Elias wrote to Prime Minister Julia Gillard in 2012 that he’d gone through ‘bloody hell and back in these hell holes’.
He’d missed the deadline to lodge an application to the Queensland redress scheme. It had been emotionally gruelling to write details of the harm done to him and he wanted the prime minister to ask the Queensland Government to reconsider his late application.
‘I finally went through the darkest, most horrific parts of my mind to recall things I’ve never spoken of, nor tried to think about, and I wrote it all down to send off’.
Elias was admitted to a Brisbane hospital with head injuries in the early 1980s. He was made a ward of the state and endured a string of residencies in various boys’ homes.
He also asked in his letter if he could speak to the ‘powers that be’ about the abuse in the homes. ‘Can I speak to the Royal Enquiry please?’
Elias did finally speak to the Royal Commission about the abuse he suffered. ‘I just come forward in case somebody else needed it … Youse can put it all together as a whole.’
He recited the names of the boy’s homes which included two state-run homes and two faith-based homes: one run by the Uniting Church; the other by the De la Salle Brothers.
He was sexually abused in three of them. He ran away from the first home after he was smacked in the face for not eating his veggies. That place had a seclusion room where kids were locked up. Luckily for Elias, one kind female staffer sometimes took him home on weekends because he had no one else.
His mother, who was a sex worker and heroin addict, visited Elias only sporadically. ‘She lived her own life.’
After he was sexually abused by two older boys he was moved to the Catholic home at age 11. He was a year too young to be there but there was nowhere else for him to go. Once there, Brother Maynard treated him ‘all right’ apart from putting his hands down his pants. Brother Michaels was physically violent and chased Elias with a knife after he’d teased a boy, eventually knocking him to the ground.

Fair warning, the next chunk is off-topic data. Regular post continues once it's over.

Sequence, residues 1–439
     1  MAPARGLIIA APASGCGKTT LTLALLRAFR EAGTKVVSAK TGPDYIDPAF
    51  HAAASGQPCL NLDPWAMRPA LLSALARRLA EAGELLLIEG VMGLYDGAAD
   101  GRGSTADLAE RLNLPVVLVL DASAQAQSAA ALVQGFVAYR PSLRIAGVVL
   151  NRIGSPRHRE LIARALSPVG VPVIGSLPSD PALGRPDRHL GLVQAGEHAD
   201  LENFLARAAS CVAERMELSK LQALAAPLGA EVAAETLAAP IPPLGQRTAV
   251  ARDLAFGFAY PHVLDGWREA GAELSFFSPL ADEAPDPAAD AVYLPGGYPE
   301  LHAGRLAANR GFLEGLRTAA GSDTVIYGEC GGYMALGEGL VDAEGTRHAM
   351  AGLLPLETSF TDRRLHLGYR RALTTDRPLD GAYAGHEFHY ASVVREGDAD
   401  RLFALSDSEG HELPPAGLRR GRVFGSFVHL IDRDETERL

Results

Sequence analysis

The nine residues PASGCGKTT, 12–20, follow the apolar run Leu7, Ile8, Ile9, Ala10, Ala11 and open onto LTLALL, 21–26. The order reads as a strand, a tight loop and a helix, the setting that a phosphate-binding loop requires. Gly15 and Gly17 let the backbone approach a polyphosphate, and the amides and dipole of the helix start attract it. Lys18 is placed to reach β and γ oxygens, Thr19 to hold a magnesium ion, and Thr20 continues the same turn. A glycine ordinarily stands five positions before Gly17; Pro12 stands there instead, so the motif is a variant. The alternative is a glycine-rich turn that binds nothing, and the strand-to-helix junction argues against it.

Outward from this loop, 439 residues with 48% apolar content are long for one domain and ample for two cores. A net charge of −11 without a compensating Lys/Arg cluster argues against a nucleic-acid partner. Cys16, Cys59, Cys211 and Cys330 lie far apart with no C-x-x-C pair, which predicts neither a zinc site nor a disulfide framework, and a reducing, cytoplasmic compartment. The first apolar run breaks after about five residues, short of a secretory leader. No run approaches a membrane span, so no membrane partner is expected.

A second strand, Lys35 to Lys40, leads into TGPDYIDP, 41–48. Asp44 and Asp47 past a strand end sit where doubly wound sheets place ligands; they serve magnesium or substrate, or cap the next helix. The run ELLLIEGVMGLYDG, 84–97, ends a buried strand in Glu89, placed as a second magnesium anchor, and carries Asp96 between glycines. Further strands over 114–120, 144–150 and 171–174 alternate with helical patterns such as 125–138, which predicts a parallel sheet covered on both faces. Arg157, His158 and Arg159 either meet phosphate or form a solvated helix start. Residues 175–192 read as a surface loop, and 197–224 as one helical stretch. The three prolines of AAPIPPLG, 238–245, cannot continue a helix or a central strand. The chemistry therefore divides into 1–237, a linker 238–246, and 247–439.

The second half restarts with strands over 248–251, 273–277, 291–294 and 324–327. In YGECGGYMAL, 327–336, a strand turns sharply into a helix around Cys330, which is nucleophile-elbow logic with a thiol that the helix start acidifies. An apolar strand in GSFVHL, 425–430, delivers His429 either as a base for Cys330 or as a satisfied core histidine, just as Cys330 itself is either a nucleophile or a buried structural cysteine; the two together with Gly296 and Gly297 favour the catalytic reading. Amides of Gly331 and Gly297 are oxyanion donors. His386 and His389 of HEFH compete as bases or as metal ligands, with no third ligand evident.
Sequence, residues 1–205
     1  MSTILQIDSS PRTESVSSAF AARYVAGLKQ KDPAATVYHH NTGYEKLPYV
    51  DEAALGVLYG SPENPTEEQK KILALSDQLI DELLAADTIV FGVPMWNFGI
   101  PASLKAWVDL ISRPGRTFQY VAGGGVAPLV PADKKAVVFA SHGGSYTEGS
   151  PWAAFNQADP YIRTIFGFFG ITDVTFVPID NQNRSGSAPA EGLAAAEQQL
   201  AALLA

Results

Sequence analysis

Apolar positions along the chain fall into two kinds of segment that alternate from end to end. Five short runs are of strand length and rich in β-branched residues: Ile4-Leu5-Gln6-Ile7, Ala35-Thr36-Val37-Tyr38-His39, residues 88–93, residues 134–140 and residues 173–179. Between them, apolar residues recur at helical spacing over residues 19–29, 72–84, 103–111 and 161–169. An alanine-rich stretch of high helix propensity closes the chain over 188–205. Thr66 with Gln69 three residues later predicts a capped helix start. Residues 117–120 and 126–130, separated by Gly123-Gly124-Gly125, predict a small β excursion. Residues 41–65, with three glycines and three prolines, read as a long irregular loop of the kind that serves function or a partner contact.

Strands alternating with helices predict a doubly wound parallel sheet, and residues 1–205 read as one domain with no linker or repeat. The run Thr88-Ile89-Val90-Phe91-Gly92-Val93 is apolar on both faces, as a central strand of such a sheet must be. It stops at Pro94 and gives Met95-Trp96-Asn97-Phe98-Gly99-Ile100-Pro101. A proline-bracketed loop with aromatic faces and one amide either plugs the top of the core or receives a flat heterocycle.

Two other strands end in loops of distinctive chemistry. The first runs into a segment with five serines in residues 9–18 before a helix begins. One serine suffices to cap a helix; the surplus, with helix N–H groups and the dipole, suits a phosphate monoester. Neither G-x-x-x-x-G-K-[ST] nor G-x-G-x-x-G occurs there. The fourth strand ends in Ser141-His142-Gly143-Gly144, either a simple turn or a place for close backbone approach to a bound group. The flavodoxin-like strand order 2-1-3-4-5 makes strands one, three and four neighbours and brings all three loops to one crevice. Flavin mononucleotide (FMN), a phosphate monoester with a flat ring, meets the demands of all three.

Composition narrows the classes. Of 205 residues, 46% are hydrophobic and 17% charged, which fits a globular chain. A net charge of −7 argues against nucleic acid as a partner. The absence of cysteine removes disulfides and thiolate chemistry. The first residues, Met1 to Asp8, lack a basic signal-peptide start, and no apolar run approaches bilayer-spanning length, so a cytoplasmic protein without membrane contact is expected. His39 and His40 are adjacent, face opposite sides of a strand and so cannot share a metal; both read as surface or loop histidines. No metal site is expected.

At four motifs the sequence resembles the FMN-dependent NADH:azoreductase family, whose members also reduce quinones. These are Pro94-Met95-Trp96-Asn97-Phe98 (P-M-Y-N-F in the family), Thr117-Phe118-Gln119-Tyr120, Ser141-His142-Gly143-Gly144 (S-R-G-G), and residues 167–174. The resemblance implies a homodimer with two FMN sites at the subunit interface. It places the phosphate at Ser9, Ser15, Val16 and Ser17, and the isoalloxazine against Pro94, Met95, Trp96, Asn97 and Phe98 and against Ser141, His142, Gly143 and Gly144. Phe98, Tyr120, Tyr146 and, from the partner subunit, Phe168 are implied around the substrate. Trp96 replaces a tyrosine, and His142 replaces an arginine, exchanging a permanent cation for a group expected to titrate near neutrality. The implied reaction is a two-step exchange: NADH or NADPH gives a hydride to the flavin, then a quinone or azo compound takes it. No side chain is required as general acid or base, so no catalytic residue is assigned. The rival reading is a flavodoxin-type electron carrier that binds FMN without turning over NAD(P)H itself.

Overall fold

‘I was sittin’ there screaming, “I’m sorry Brother Michaels, I’m sorry Brother Michaels”.’ The Brother yelled back, ‘You’re not fuckin’ sorry’ and then back-handed him.
‘I flew across the room, hit the wall and onto the bed. Which is where he laid some punches in … He shouldn’t be doin’ that … I always thought Catholics were supposed to be nice, kind.’
The Uniting Church home, where Elias stayed twice, was the worst place by far. Older boys forced Elias and his best friend John to give them oral sex and Elias was regularly beaten by the staff. Elias and John ran away a few times but were always sent back.
Elias became emotional when he talked about what happened during their last escape attempt. It occurred before either were teenagers. An injury had forced Elias to give up the escape attempt and limp back to the home, but John stayed out all night, too scared to go back and cop a beating. He was found dead the next day.
‘Out of all the things in my life, that one single thing I can’t get out of my head.’
Elias believes staff from the home could have picked John up the day before he was killed. They knew where the boys usually met up. ‘And he wouldn’t have been murdered.’
One of Elias’s main reasons for talking to the Commission was to tell John’s story. He was determined to bear witness for him. His grief at his mate’s death met with no sympathy from the staff. His file notes from the time say that he was obsessed with death and stabbings and ‘he’s hiding knives under the bed’.
He was in fear, hence the knife, ‘but nobody listened’. Elias wept at the thought of his friend.
Elias hasn’t received counselling for what happened to him. He’s seen a psychiatrist but only told him half of what happened. ‘I’m embarrassed about a lot of it, you know? … I feel uncomfortable talking about it.’
He blocks a lot from his mind and hasn’t reported any of the staff. ‘What for? … Back then it was just acceptable.’
Elias has been in jail as a result of crimes he carried out to feed a drug addiction. He’s been diagnosed with severe anxiety and traits of obsessive compulsive disorder.
Has he had any good times? ‘Yeah. When my kids were born, things were good.’
Elias has been out of jail for a while now and has a job. He relates well to his kids and is hoping he can get a place where they can visit. He worries about them and is very happy that they’ve only known family care, not institutional care.
‘Stability, you know? I had no stability … I had 19 primary schools.’
Elias recommended to the Commission that punishment at institutions be more age appropriate. He also believes that any redress scheme should have more flexibility with their cut-off dates.